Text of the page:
We carry out social research on topics related to microbes, resistance and antimicrobial medicines, from an anthropological perspective. Our research is informed by critical global health scholarship, science and technology studies and multi-species perspectives.
We are a group of social science researchers working on the issue of antimicrobial resistance. Learn more about the skills and experience of our research group team.
The Anthropology of AMR structure at LSHTM is a collaborative endeavour to stimulate, support and promote high quality social research on the topic of antimicrobial resistance (AMR). Comprising researchers from LSHTM and collaborating organisations who are undertaking a range of social studies to address the growing challenge of AMR, the team provides opportunities for connecting ideas, learning and skillsets between members at all stages of their careers.
Our research focuses on topics related to microbes, resistance and antimicrobial medicines. We share a commitment to an ethnographic approach to our studies, informed by critical global health scholarship, science and technology studies and multi-species perspectives. Members of the group produced a research agenda setting report, 'Addressing AMR through Social Theory' which forms the backdrop to much of our empirical research.
Our projects are supported by a range of funders and are taking place in a variety of settings across Africa and South East Asia.
Members carry out ethnographic fieldwork in: domestic spaces in rural, urban and peri urban areas; small to large scale farms with pigs, poultry and citrus fruits; formal and informal animal and human healthcare settings and markets; medical and veterinary professional fora; and science/policy interfaces. Our research integrates observational work with documentary and discourse analyses that draw on historical archives through to current day social media sources. Across our research, we apply methodological approaches from anthropology that can follow the problems of AMR and antimicrobial use as they are defined and enacted. We share a commitment to communicating insights to a range of stakeholders, and apply our research to the development of policy and programme changes.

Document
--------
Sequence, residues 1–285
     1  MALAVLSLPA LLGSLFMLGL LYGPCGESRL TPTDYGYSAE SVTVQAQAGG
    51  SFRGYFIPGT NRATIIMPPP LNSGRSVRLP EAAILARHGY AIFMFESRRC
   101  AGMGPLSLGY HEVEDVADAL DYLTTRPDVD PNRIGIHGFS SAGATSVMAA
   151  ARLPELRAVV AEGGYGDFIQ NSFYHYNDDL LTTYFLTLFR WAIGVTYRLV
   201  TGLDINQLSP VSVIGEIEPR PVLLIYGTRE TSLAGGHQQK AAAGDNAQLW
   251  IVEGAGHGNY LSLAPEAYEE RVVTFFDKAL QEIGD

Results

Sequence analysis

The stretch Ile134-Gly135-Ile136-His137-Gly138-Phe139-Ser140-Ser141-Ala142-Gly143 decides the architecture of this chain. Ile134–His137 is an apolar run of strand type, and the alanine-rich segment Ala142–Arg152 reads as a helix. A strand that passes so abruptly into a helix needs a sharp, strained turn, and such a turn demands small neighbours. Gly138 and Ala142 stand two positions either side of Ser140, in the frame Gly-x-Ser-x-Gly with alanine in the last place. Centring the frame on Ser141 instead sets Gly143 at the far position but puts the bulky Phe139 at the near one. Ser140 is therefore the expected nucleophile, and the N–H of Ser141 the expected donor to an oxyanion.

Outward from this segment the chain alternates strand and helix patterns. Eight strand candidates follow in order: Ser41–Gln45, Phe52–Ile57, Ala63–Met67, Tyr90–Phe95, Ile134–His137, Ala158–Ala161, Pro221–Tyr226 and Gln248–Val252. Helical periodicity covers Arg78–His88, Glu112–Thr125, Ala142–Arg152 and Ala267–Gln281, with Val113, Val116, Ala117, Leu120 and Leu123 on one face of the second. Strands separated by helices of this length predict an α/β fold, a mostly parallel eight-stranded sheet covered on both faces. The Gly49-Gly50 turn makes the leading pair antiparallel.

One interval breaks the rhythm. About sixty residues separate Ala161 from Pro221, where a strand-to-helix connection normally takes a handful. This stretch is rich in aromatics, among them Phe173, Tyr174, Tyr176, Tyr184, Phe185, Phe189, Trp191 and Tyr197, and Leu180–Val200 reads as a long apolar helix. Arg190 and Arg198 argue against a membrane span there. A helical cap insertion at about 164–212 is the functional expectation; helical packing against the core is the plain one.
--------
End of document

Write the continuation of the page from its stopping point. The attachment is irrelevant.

Our team of over 35 researchers engaged in social studies of AMR meet together fortnightly online, when members present research findings for feedback and where we run a series of technical sessions that zoom in on specific aspects of research activity from publishing to dialogical processes with participants. The team provides a supportive space for social scientists from across the world at every stage of their research career, where we share ideas with others, seek advice and collaborate with other social scientists sharing similar interests.
- Alice Tompson - Antibiotic Use in the Care of Pet Dogs: A Mixed-Methods Anthropologically Informed Study.
- Esther Rottenburg - Rationality, antibiotics and interdisciplinary AMR science in Uganda.
- Maddy Pearson - Beyond the bugs, beyond the binaries: Re-imagining human microbe relations through a ‘living with’ approach to hygiene and sanitation.
- Manuel Campinas - An ethnography of human medicinal relations among the Qiang ethnic minority: Investigating the integration of ethnomedicine in Western Sichuan.
- Salome Manyau - Managing everyday fever: an ethnographic study of antibiotic use in Harare, Zimbabwe.
- Susan Nayiga - Understanding how and why antimicrobials are deployed in everyday life in Uganda: an ethnographic study of lives, livestock and livelihoods in Tororo.
- Yuzana Khine Zaw - Care and beyond: An ethnographic study of the roles of antibiotics in women’s lives in Yangon, Myanmar.
- Nicholas Dayie - Fleming Fellow (Laboratory Human Health), Ghana
- Jennifer Bonnah - Fleming Fellow, AMU Human Health, Ghana
- Mary Nkansa - Fleming Fellow, AMU Animal Health, Ghana